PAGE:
And there was treasure down there. Or, reckless or not, she wouldn’t be dropping into it. The flotsam layer was where the dead went to be forgotten. Dead people. Dead ships. Dead technologies. Gravity trapped it all there. Kept it from dropping out of Peridot’s atmosphere on the bottom side and drifting off into the stars. Silus Cutter created the hoarbeasts centuries ago to prowl the frozen wreckage and clean things up a bit with their vicious, crunching jaws and fang-lined throats. Did her god intend for those beasts to prefer the frozen flesh of bodies to the wrecks? She wouldn’t ask if she got the chance; she was here for the latter and glad to have the chance.
If things went wrong, Talis would be on the menu, too. But the contract for this salvage made it worth the risk. She could make a lot of overdue repairs on Wind Sabre with the payoff. Her crew had been enthusiastic about the operation when she proposed it, knowing what kind of money a salvage might bring in. Better than the transport jobs she’d scrounged up of late. Not one of the trio had volunteered to make the descent, though.
“You’re the reckless one, Cap,” Tisker told her at the time. The cheeky helmsman got away with the comment. He always did. His crooked, infectious grin and sparkling, deceptively innocent eyes transformed every gibe into a morale boost.
Details emerged, just a couple lengths below Talis. Large shapes at first. Broken hulls of ships tangled in their own lift canvasses. A roof, a wagon. An old tree trunk. Anything organic or burnable should have been composted or used for fuel, not pitched over island edge. But those hadn’t always been the rules. Seventy-something generations back to the Cataclysm that fractured Peridot and the Re-Creation that made it what it was now. Seventy-something generations of garbage and waste swirled in the gravity trap. And down here, nothing ever decayed.
Soon she got close enough to see movement: the hoarbeasts pulling themselves across the wrecks, their undersides a chaos of tentacles. Their bodies flashing gray and silver in an imitation of the flotsam. They moved above and below the gravity line, scanning the field of garbage with cavernous eyes and probing the jetsam with sensitive, bobbing whiskers. Always in search of fresh additions to the flotsam layer. In search of food. In search of the dead.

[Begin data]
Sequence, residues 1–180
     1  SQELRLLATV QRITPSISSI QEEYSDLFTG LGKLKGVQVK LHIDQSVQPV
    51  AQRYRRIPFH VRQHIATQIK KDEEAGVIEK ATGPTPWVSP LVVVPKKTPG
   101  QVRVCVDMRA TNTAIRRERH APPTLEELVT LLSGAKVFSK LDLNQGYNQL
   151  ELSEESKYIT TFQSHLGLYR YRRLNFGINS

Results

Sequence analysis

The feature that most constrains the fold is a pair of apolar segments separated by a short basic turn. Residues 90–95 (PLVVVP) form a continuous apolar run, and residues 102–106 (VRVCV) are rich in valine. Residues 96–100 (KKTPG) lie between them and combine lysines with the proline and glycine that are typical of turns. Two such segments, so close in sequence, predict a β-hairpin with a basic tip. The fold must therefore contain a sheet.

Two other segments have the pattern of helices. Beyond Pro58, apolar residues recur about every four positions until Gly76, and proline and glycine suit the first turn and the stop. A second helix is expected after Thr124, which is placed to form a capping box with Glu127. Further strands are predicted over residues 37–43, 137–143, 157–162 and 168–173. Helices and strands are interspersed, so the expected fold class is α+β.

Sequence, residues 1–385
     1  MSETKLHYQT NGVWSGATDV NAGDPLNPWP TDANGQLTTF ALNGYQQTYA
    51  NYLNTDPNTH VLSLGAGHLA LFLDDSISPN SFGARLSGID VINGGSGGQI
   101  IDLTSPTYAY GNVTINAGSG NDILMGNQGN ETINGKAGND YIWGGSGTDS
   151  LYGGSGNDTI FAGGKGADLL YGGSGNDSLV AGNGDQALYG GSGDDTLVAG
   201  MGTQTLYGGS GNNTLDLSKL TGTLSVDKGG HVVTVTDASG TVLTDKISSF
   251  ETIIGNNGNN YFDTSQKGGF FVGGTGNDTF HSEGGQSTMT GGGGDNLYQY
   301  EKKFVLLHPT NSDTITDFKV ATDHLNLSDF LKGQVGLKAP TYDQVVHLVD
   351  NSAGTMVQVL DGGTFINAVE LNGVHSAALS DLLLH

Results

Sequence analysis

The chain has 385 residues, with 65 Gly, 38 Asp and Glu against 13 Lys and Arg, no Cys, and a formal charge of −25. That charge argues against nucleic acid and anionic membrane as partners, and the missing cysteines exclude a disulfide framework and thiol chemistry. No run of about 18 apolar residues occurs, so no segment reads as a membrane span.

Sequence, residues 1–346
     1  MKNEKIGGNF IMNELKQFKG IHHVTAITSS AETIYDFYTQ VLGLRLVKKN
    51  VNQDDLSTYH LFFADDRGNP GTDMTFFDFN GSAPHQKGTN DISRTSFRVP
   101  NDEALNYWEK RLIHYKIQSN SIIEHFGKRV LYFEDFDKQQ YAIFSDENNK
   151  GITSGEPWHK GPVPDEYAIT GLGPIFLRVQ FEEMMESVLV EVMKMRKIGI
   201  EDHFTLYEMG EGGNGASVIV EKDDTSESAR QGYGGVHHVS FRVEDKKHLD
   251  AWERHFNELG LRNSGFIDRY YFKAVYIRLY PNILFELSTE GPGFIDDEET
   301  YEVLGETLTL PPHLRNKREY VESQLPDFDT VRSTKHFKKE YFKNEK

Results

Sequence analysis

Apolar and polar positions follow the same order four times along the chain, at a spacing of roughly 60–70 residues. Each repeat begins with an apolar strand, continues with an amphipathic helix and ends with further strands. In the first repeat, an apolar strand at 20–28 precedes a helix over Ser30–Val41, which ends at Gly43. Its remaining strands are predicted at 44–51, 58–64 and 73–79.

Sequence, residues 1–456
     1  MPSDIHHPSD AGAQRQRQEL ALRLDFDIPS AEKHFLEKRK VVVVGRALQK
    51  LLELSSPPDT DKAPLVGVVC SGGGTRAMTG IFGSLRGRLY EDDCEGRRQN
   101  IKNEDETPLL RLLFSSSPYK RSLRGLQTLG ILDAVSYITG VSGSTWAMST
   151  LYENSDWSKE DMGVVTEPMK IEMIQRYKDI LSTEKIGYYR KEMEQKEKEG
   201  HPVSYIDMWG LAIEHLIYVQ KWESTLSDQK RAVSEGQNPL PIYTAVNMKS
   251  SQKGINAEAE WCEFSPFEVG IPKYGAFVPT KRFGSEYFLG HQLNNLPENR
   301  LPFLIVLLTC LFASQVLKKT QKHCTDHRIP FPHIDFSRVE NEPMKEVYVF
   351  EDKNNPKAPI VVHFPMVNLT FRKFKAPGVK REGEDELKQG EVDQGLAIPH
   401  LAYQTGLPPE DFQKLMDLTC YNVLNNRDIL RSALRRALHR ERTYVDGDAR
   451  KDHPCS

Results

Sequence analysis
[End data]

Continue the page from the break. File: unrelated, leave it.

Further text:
And they would find them.
Mostly Cutter folk. Some Vein. Even a Rakkar or two. The Bone fed their dead to the ravens and kept the bones, but still ended up in flotsam. Usually lost with their ships. No Breakers, of course. Their population was finite and, as far as the ages since Re-Creation had proven out, didn’t die of natural causes.
If they couldn’t find dead flesh, they’d be perfectly happy to accept the living.
Continuing to descend, Talis was far too aware of such things. Her brother had tormented her with stories of the hoarbeasts when she was a child, and she grew up convinced they clung to the bottom of her bed the way they latched onto the hulls of airships that flew too low, too close to flotsam. Convinced that their tentacles and their long, sharp teeth would find her in the dark.
In her forties now, and captain of a smuggling ship that had taken on many a perilous contract, she still didn’t sleep with her feet hanging off her mattress.
Her love of SFF storytelling developed through grabbing for anything-and-everything “unicorn” as a child, but she was subverted by tales of distant solar systems when her brother introduced her to Star Trek: The Next Generation at age seven. A few years later, Sailor Moon taught her stories can have both.
She lives in New England, haunted by her childhood cat. Find more information at rjtheodore.com.